The act of reading ... begins on a flat surface, counter or page, and then gets stirred and chopped and blended until what we make, in the end, is a dish, or story, all our own.
— Adam Gopnik
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February 18, 2012

On the boat to Venice

Marrying Wheater — Zinnia Lacrosse had married Cliffe Wheater? But then —but then — who on earth was Chipstone’s mother? Boyne felt like crying out: ‘Don’t pile up any more puzzles! Give me time — give me time!’ but his neighbor was now so far launched in the way of avowal that she went on, hardly heeding him more than if his face had been the narrow grating through which she was pouring her woes: ‘It’s inconceivable, but it’s so. Mr. Wheater married Zinnia Lacrosse. And Zinnie is their child. The truth is, he wasn’t altogether to blame. I’ve always stood up for Mr. Wheater. What with his feeling so low after Mrs. Wheater left him, and his wanting another boy so dreadfully … with all those millions to inherit…’
      But Boyne held up a drowning hand. Mrs. Wheater had left Wheater? But when — but how — but why? He implored the merciless narrator to tell him one thing at a time — only one; all these sudden appearances of new people and new children were so perplexing to a man who’d lived for years and years in the wilderness …
      ‘The wilderness? The real wilderness is the world we live in; packing up our tents every few weeks for another move … And the marriages just like tents — folded up and thrown away when you’re done with them.’ But she saw, at least, that to gain his sympathy she must have his understanding, and after another cautious glance up and down the deck she settled down to elucidate the mystery and fill in the gaps. Of course, she began, Judith having told her that he — Mr. Boyne was the name? Thanks. Hers was Miss Scope, Horatia Scope (she knew the children called her ‘Horror Scope’ behind her back but she didn’t mind) — well, Judith having told her that Mr. Boyne was a friend of her parents, Miss Scope had inferred that he had kept up with the successive episodes of the couple’s agitated history; but now that she saw he didn’t know, she would try to make it clear to him — if one could use the word in speaking of such a muddled business. It took a great deal of explaining — as he would see — but if any one could enlighten him she could, for she’d come to the Wheaters’ as Judith’s governess before Bianca and Terry were born: before the first, no, the second serious quarrel, she added, as if saying: ‘Before the Hittite invasion.’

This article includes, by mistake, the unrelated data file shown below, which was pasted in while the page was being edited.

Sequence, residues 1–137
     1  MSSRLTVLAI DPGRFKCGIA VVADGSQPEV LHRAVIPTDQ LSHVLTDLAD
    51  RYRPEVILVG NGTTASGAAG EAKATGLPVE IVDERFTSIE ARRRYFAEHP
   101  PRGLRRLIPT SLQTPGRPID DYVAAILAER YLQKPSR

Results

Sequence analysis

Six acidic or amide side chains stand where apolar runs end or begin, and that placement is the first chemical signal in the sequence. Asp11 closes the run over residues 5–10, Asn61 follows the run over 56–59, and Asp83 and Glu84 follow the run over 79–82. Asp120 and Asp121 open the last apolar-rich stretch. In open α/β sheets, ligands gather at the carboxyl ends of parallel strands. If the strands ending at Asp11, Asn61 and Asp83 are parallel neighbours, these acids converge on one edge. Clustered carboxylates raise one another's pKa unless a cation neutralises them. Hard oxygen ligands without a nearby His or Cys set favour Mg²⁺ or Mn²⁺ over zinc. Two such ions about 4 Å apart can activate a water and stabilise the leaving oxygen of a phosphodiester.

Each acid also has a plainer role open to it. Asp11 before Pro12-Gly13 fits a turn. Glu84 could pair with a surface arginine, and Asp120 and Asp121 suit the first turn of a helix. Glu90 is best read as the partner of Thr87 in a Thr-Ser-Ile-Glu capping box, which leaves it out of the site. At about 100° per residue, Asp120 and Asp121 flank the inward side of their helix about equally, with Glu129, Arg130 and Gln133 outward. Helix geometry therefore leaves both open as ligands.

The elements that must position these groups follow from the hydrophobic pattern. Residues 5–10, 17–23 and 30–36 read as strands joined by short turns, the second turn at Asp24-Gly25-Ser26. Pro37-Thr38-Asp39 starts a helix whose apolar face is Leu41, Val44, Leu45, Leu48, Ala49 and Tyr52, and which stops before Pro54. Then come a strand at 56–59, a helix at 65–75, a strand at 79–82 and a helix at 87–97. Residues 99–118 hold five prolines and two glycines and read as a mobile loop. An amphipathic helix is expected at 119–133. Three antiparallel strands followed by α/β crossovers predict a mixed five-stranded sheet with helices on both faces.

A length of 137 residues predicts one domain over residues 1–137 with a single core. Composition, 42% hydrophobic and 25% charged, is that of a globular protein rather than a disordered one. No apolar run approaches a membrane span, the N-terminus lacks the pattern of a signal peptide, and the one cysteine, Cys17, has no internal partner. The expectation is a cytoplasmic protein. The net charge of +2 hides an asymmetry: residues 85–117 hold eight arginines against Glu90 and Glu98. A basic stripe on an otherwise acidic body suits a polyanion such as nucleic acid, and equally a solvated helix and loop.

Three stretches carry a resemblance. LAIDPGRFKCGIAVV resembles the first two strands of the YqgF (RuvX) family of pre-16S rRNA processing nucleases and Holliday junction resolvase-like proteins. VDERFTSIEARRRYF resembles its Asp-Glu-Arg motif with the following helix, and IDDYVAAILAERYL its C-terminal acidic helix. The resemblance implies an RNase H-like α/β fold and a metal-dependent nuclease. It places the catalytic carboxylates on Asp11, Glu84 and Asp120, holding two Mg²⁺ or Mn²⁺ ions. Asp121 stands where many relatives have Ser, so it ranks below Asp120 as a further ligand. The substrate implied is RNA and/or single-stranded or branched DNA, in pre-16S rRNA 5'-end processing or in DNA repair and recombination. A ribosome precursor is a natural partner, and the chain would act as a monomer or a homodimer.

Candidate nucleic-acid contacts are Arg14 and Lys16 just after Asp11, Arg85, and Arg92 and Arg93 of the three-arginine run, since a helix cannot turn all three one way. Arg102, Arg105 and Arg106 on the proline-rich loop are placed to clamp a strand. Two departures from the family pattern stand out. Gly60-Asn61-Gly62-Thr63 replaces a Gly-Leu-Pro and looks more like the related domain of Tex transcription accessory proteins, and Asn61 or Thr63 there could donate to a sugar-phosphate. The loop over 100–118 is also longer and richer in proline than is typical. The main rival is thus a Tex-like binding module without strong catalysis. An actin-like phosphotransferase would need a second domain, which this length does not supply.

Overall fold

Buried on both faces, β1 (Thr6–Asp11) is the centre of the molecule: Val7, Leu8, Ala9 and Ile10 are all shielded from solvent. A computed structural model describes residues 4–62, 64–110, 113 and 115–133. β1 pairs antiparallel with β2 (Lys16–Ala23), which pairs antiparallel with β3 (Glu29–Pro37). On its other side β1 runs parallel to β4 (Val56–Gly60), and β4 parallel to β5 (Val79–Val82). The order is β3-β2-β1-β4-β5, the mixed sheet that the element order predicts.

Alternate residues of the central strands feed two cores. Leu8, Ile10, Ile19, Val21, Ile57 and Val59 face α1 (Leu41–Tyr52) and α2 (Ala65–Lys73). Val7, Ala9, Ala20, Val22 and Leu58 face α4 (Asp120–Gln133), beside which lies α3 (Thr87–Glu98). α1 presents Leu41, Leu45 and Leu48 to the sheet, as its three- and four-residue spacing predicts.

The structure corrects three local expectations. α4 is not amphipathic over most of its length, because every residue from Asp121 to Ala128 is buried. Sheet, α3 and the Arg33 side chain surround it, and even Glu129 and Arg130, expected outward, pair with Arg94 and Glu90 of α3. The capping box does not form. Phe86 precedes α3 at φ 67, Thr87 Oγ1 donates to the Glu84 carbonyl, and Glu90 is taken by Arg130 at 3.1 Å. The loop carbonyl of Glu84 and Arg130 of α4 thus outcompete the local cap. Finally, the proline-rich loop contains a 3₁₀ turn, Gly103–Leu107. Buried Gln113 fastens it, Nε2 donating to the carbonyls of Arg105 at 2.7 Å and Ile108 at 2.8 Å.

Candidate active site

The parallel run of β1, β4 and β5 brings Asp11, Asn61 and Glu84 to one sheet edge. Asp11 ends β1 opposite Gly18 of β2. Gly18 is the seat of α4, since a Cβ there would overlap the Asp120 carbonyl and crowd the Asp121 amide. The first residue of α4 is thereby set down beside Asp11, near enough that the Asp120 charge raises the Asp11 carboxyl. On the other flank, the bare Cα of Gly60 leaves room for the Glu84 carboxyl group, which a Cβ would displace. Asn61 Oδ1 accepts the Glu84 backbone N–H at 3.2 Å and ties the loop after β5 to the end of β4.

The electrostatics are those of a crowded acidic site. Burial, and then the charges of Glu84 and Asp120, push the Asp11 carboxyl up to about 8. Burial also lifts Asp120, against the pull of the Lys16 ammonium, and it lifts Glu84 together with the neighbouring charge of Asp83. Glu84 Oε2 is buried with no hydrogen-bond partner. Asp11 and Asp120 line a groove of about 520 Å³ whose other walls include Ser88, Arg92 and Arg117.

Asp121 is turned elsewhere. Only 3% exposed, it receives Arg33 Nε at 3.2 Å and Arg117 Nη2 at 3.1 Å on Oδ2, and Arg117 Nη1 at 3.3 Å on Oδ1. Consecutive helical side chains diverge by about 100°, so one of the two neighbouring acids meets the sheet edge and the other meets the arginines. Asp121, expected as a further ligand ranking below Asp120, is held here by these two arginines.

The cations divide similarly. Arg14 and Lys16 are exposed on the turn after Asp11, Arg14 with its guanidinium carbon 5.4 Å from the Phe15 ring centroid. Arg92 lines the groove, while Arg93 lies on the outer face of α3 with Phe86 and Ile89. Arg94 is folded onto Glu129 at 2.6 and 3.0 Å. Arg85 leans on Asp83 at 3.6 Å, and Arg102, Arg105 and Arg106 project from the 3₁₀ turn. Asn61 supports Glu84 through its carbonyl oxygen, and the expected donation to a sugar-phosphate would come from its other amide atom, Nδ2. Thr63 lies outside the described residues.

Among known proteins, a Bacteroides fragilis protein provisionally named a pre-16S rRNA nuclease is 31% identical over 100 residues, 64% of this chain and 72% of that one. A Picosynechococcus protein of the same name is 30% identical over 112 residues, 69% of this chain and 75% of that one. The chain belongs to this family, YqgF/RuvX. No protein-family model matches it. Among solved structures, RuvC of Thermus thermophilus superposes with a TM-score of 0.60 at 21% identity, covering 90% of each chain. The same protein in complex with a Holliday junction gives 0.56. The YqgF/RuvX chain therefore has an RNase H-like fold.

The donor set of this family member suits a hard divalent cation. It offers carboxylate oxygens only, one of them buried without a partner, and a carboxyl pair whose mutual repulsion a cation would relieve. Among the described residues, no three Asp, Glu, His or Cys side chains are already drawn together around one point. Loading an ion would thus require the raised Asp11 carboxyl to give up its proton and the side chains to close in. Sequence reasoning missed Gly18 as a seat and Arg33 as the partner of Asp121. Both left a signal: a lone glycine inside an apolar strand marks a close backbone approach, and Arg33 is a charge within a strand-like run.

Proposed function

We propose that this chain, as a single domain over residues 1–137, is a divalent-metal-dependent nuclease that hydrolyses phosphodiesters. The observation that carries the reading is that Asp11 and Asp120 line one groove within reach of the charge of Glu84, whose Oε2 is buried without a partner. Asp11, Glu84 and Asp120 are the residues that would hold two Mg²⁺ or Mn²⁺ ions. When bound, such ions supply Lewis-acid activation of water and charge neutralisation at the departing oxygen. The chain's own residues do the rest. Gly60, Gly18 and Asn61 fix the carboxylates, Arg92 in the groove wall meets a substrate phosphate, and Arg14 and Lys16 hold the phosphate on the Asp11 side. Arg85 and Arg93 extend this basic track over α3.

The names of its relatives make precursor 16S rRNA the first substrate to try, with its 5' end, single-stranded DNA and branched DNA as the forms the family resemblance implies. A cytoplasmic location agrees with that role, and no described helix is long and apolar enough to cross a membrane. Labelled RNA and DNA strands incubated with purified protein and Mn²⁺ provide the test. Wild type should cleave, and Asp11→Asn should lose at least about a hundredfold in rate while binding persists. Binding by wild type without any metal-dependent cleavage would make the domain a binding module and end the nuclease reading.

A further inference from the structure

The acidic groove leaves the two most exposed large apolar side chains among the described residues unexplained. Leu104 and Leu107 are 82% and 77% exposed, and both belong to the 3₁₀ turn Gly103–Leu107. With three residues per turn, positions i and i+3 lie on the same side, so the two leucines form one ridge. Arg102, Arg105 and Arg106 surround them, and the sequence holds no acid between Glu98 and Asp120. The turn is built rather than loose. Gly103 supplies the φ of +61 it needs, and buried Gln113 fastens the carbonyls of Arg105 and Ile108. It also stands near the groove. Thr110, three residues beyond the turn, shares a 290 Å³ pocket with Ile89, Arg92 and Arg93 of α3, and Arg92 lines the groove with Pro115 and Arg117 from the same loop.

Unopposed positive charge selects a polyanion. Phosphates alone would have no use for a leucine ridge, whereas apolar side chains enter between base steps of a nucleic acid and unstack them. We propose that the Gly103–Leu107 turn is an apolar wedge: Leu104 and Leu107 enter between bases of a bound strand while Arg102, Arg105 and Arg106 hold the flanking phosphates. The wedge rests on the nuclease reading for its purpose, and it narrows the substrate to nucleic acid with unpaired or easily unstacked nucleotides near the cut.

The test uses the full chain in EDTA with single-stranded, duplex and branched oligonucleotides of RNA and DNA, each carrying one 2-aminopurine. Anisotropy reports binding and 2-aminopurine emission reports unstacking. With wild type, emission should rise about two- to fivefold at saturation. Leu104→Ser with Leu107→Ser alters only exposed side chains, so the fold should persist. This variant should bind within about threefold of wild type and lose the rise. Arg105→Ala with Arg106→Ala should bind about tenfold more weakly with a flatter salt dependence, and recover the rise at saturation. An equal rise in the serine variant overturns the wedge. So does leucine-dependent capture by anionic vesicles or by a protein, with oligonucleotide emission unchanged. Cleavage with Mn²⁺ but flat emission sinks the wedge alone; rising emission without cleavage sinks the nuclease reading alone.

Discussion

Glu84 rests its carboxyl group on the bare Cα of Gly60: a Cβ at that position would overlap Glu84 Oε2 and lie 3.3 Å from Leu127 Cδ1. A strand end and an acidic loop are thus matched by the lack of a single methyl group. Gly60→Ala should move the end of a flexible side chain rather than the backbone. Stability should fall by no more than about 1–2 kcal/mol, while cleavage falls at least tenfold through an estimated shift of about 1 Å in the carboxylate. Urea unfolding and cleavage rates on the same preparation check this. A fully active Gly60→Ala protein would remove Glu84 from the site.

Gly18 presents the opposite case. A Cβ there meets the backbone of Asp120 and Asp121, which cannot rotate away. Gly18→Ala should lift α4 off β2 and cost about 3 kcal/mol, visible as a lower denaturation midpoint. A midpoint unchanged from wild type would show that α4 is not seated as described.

from The Children, by Edith Wharton (1928)

My reading this month has been haphazard and fleeting, but since I didn't want to miss going to Venice in February, and it's my year with Edith, I pulled this book off my shelves.  It doesn't hurt that it promises to be funny.:)


Bellezza said...

Have not read one single work of Edith Wharton's in my life. How embarrassing is that?! Thanks for the introduction to this book!

GirlsWannaRead said...

Just finished reading this and posted on it yesterday ( I absolutely loved it! You must read it soon. ~Frances

JoAnn said...

Enjoy! I thought I had a copy of this combined with Ethan Frome and Summer, but turns out it is The Bunner Sisters.

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